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Cultural Critique 53 (2003) 116-133

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Bovine Anxieties, Virgin Births,and the Secret of Life

Teresa Heffernan

In November 1998, a biotech company in Massachusetts—Advanced Cell Technology—announced to the New York Times that they had successfully fused a human cell with a cow egg. The nucleus from the cow egg was removed, and the remaining cytoplasm was melded (using electric shock) to a cell from the cheek of Joseph Cibelli, one of the scientists working on the project. During this procedure, the human cell reverted back to its embryonic state, producing a stem cell from which all other specialized tissue in the body develops. Although the research was at a very preliminary stage and the viability of the cells questionable, the company identified two possible uses for the resulting cluster of "mostly" human embryonic stem cells. The first involved producing body tissue that could be guided into becoming organs or nerve cells for transplants. 1 The second involved, even though the company itself is unclear on what inhabited its petri dish, the production of a clone from the fusion (Wade 1998, A1). This experiment in stem cell research sparked an uproar. Glenn McGee, an associate director for education at the University of Pennsylvania's Center for Bioethics, asked: "Is Cibelli's fertilized cow egg an embryo? Is 'it' human, potentially human or something entirely new? Can a cloned, transgenic embryo be aborted? Would there be anything wrong with putting 'it' into a female cow, or into a person? We don't have answers to these questions. In fact, it looks as though we will have to cart out the philosophers to settle a whole raft of new debates" (1998).

The response by ethicists to these new developments in biotechnology breaks down into two camps. For instance, in a recent [End Page 116] collection of essays on cloning, edited by McGee, those in favor of the procedure insist that science must be allowed to advance and that biotechnology offers all sorts of possibilities for improving human lives. Ronald Bailey, one of the contributors, argues: "Most of the arguments against cloning amount to little more than a reformulation of the old Luddites everywhere: 'If God had meant for man to fly, he would have given us wings'" (2000, 108). He concludes, "Ultimately, biotechnology is not different from any other technology—humans must be allowed to experiment with it in order to find its best uses" (113). Or as Philip Kitcher, another contributor, puts it, perhaps a little more cautiously: "General moral principles provide us with an obligation to improve the quality of human lives, where we have the opportunity to do so, and developments in biotechnology provide opportunities and challenges" (2000, 153). Both arguments seem to assume that "general moral principles," "best uses," and "improvement" are self-evident. In the other camp, those who oppose this technology also fall back on arguments about human nature. Leon Kass writes about the "repulsiveness" of human cloning because it transgresses the "natural" means of reproduction that involves the "two complementary" male and female elements: "technological interventions into the human body and mind. . . will surely effect fundamental (and likely irreversible) changes in human nature, basic human relations, and what it means to be human" (2000, 105). With the long and problematic history of basing arguments on what is "natural," which inevitably leads to the labeling of those who are less than "natural" (blacks, women, Jews), is it any wonder that, in the logic of Kass's argument, the feminist and gay rights movements are faulted for challenging the "natural heterosexual difference," a questioning, he suggests, that started us on this slippery slope.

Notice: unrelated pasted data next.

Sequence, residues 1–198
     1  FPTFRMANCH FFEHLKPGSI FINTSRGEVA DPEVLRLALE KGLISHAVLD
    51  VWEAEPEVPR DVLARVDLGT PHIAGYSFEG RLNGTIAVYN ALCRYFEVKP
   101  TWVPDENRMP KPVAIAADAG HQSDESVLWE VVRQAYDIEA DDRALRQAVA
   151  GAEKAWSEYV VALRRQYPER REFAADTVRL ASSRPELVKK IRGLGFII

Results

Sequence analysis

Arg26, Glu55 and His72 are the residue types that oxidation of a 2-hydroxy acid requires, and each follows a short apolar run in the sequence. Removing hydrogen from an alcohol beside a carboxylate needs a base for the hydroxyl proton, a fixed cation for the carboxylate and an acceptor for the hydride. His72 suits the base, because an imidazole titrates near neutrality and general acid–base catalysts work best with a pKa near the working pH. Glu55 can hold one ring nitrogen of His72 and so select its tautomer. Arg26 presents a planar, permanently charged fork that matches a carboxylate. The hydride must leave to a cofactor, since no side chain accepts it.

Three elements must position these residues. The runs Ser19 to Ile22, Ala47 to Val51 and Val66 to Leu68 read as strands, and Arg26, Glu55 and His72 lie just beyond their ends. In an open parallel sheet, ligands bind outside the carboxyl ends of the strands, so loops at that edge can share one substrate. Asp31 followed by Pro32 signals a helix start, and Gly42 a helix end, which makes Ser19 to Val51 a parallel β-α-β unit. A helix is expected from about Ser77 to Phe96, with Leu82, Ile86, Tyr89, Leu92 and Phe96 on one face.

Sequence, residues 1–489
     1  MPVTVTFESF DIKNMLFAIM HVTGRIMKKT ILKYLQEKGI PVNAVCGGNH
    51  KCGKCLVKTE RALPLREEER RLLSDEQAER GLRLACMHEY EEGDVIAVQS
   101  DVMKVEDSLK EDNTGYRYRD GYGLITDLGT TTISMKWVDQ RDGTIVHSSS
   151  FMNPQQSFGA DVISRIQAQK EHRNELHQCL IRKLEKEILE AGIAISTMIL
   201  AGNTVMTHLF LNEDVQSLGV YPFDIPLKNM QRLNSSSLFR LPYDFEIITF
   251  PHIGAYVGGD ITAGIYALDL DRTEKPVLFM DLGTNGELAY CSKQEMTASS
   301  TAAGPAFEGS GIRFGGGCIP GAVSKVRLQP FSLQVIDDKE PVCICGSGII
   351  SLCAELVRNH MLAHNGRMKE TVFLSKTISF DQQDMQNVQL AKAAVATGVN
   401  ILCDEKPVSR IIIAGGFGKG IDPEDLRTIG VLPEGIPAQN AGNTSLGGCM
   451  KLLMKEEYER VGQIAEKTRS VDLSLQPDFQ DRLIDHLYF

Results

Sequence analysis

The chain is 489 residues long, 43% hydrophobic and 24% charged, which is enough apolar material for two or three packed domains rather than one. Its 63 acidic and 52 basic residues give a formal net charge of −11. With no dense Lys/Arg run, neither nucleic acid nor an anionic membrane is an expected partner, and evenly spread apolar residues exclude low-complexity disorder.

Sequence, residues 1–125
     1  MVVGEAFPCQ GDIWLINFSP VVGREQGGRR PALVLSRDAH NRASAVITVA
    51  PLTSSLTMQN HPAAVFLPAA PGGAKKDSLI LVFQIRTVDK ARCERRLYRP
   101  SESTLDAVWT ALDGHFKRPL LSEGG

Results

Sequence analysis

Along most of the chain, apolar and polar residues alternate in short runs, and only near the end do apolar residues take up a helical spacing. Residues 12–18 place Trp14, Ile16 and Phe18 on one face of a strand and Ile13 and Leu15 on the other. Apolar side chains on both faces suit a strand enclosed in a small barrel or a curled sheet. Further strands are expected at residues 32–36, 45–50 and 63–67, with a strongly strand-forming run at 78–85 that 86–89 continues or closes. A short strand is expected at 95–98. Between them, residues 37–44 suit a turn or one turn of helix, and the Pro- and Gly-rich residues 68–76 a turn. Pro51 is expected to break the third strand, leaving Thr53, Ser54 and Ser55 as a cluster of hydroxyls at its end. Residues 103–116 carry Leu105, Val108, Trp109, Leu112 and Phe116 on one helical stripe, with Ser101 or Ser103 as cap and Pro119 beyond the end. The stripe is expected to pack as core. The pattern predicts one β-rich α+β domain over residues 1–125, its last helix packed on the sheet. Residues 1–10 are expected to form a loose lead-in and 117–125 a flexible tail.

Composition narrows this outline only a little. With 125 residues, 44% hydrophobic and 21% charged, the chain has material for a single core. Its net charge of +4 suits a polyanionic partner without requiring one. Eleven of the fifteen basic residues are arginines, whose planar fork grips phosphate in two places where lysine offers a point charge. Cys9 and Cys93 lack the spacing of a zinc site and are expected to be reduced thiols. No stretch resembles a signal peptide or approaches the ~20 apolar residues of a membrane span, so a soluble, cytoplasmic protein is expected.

Although on opposite sides of the debate, both camps are firmly rooted in a humanist tradition that puts faith in the idea of human progress, "general moral principles," and foundational assumptions about what it means to be human even as the technology itself begs the question: not "is 'it' human" (as McGee asks), but what does it mean to be human? As Nietzsche argued over a century ago, it is paradoxical to both kill...


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